Whether you’re a retailer or a manufacturer, pricing and promotion spend is one of the largest costs of doing business. But it is also one of the most inefficient. Just this year, the fast-moving consumer goods (FMCG) market saw two consecutive quarters of retail sales decline. And the industry's response may be adding to the problem.
We’ve seen a slowing of price increases across nearly every category and department, and at the same time, we’ve also seen an increase in promotion frequency. However, these investments have resulted in very little lift and few dollars returned.
So how can manufacturers and retailers win in such an uncertain and changing environment? Through our research, we’ve identified five opportunities to create more efficient price and promotion strategies, reverse negative trends and drive profitability.
We know that prices are a big factor in where shoppers choose where to shop. But did you know that only a handful of items, known as key value items (KVIs), drive more than 50% of shoppers’ perception of a retailer or brand’s overall value? Take an 8-ounce bag of cheese, for example. A shopper may develop a “value perception” based on what they think the price of the cheese should be—thus making it a KVI.
During a recent study of multiple retailers, we found that only 5% of UPCs drove U.S. shoppers’ value perception of the franchises. That’s a lot of importance attributed to a small percentage of items. And in looking at those KVIs, we noticed that 55% of them were over-priced to shopper’s value perception and negatively affected ROI.
Leveraging KVIs can improve shoppers’ value perception of you, drive extra trips into the store and ultimately win a greater share of wallet. For retailers and manufacturers looking to make KVIs their compass, three steps can help drive results:
In our study, we also saw that 32% of all items were price insensitive and underpriced versus where they should be, meaning that shoppers were not as attuned to price or willing to purchase the product regardless of cost. Given this information, we believe the best way to get the price right on the 5% of items that drive value perception is to shift dollars from products where price isn’t as important to KVIs.
The first step is to identify the price insensitive products within your store or portfolio that are underpriced versus their benchmark. Next, use your underpriced UPCs to invest in your overpriced KVIs to win on price with the items that matter to shoppers and drive profitability.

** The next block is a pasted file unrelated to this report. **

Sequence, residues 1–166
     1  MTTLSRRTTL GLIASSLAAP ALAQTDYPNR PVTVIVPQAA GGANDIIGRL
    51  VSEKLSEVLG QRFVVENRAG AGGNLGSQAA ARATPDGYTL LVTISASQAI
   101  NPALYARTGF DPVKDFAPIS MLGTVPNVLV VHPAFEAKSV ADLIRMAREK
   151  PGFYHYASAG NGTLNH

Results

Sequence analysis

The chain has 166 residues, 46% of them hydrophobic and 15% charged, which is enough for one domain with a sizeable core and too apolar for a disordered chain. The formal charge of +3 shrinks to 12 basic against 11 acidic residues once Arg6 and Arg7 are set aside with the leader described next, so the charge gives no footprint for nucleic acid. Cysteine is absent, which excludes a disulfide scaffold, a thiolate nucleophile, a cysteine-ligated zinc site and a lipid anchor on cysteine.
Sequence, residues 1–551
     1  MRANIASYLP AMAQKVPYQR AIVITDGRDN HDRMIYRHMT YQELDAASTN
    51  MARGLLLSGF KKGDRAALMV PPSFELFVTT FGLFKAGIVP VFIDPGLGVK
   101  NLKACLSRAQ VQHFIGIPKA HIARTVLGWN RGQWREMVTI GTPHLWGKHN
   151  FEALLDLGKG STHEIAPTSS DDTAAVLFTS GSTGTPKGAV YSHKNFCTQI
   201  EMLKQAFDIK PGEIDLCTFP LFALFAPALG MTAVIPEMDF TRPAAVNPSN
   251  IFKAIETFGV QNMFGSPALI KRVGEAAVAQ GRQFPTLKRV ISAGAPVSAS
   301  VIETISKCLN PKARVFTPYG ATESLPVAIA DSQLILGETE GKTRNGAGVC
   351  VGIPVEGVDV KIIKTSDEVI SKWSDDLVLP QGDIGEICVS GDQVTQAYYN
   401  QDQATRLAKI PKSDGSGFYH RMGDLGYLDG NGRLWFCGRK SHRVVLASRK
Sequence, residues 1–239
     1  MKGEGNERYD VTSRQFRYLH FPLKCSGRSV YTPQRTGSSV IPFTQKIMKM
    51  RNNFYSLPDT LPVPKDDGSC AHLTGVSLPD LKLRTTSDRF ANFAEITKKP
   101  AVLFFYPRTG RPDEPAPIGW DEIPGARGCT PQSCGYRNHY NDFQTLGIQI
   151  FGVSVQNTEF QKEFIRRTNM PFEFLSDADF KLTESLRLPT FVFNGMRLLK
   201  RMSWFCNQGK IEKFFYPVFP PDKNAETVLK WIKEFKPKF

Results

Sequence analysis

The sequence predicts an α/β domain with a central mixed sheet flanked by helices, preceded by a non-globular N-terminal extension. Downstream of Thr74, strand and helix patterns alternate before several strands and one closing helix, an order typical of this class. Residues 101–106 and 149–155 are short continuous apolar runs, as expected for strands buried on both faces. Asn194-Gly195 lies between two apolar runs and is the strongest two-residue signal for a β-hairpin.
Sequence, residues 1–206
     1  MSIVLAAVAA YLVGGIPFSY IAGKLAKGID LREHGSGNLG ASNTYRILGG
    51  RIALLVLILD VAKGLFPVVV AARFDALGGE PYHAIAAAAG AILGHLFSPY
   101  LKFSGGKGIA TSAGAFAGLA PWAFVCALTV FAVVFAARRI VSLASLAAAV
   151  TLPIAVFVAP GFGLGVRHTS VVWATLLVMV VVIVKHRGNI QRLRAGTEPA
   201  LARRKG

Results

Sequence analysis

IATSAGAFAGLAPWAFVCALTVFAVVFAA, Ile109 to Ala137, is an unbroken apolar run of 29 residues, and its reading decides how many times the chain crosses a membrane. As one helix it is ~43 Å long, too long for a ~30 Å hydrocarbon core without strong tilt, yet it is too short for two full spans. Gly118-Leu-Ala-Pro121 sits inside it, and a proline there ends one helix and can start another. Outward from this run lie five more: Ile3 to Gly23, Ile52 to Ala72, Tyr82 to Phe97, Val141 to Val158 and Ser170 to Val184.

In thinking about price changes, it’s important to not just look at these adjustments from an item perspective but also in the context of portfolios and categories. Many times we see that:
Retailers, for example, can look at their portfolio and try to understand the price gaps between items, such as private-label and national brand offerings. Consider what value each item brings to the marketplace versus the alternative, and then choose the value that maximizes total combined margin or volume. Doing so can help support better pricing strategies.
On a tactical level, being strategic in how you deploy price is critical. There are many levers around deploying price, with the two biggest being the everyday shelf price and the promoted price.
We’ve developed a simple framework to help marketers understand how to build more effective pricing strategies.
Two points stand out in this chart:
When it comes to promotions, remember that physical in-store space to communicate with shoppers is limited. And companies are giving far too much support to items that aren’t returning the favor:
Be thoughtful about the items you feature and put on display by focusing on the ones that drive additional trips and grow baskets. Circulars should focus on driving traffic into the store, while displays should help shoppers build baskets and increase rings in the store.
This all nets down to three big ideas:
These ideas, paired with regular measurement against targets every week, provide a reliable framework that you can use to quickly price items for maximum revenue and profit.